Another area of similarity that may suggest a common risk factor among the adolescents in this study irrespective of categorization includes certain aspects of their pre-contact social situation and lifetime mental health. For instance, more than half of both groups of adolescents had been living on the streets before juvenile justice contact. Leaving home to live on the streets could be a manifestation of the behavioral problems associated with juvenile delinquency . Extant literature also suggests that running away from home to live on the streets could also be a child’s response to neglect [64, 65]. In the context of sub-Sahara Africa, it has been argued that poverty-driven life of want, neglect, abuse and denial of the bliss of stable family environment has lead many children to the streets in search of life [10, 66]. Whether being on the streets was as a result of neglect or delinquency or both, most street children run equal and continuous risk of juvenile justice contact. As far back as 1978, living or working on the streets had been reported as a common reason for juvenile justice contact in Nigeria . Okunsanya in 2004 also reported that up to 15% of the total residents of remand and borstal facilities in Lagos Nigeria were brought-in after police raids on the streets . In a recent survey of adolescents in the Ibadan Remand Home in Nigeria Bella et al. (2010) also reported that many of the residents in the Home had had some street-life experience irrespective of their reason for admission .
As a central common factor, problematic family background seems to be the linking factor that adversely changed the developmental trajectories of the two groups of adolescents in this study. This is because family instability and disruptions as seen in the two groups of adolescents in this study can trigger a cascade of events that terminates in juvenile justice contact. For instance, family instability can increase the risk of both child maltreatment  and conduct problems among children [69, 70]. Living on the streets for children from unstable homes in sub-Sahara Africa is commonly a response to child maltreatment or an indicator of onset of conduct problems [13, 63]. Once on the streets, children continue to run the risk of juvenile justice contact either as a status offender, due to involvement in crimes or involvement in substance use/abuse [26, 71]. Though a cross-sectional study like this one can not establish causality, this study found all the factors needed to set up this cascade of events that terminates in juvenile justice contact among the two groups of adolescents. This include the combination of a high prevalence of indices of family instability on one hand, and other adverse factors like physical abuse, conduct disorder and experience of street life on the other hand.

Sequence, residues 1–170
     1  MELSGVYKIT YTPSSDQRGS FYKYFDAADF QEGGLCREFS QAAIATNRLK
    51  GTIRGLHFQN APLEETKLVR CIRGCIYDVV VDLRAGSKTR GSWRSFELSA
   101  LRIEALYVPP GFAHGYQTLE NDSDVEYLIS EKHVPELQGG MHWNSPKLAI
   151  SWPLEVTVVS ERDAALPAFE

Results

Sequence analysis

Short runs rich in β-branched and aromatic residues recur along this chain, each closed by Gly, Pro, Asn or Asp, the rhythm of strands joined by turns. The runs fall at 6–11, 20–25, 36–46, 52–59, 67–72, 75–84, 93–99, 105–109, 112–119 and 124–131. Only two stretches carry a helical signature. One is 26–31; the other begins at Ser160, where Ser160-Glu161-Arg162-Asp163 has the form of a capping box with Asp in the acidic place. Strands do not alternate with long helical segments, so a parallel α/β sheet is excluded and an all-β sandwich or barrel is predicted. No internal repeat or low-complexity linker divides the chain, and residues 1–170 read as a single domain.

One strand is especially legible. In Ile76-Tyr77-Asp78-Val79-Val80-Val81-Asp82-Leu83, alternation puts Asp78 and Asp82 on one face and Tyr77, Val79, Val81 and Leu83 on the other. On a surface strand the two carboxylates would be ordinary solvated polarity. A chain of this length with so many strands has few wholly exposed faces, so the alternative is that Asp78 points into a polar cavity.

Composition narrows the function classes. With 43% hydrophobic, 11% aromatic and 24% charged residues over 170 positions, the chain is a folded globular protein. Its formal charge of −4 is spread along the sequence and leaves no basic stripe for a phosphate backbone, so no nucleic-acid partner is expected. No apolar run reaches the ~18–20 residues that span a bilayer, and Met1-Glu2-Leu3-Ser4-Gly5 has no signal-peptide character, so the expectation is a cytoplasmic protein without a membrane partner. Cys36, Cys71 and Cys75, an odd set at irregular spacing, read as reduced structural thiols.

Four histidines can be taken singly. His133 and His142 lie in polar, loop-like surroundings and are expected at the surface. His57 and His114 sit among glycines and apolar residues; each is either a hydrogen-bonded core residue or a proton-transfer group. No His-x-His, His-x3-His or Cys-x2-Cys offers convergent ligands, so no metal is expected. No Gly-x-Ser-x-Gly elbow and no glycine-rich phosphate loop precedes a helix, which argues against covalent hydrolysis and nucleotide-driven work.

On a different note, if the adolescents in this study share in common this much in terms of pre-contact primary support resources and social circumstance, what factors could have influenced their differential pathways (neglect or delinquency) to institutional care? The answer may lie in the fundamental differences in the pre-contact social situation and primary support resources of the two groups of adolescents in this study. Despite their stunning similarities, the two groups of adolescents have some distinct differences in terms of their family background, pre-contact social situation and their current anthropometric and lifetime mental health status. These differences may explain their differential pathways into institutional care and may have implications for specific prevention strategies and for service provision in-house. Though an element of abuse/neglect can be inferred in the life of both groups of adolescents in this study (e.g. street life, school drop-out, physical abuse etc.), the child-neglect group of adolescents had significantly worse indices in some neglect areas. For instance they had a higher risk of having witnessed domestic violence; they were more likely to have dropped out of school and had a significantly lower body mass index (BMI) compared with their counterparts on ‘criminal code’. These differences were despite the fact that the length of the mean period of incarceration among the two groups of adolescents was not significantly different. This observation may suggest that the two groups of adolescents in institutional care in Nigeria represents two points in a continuum of pathological social outcome of children, with the ‘child neglect’ pathway being the worst end of the continuum.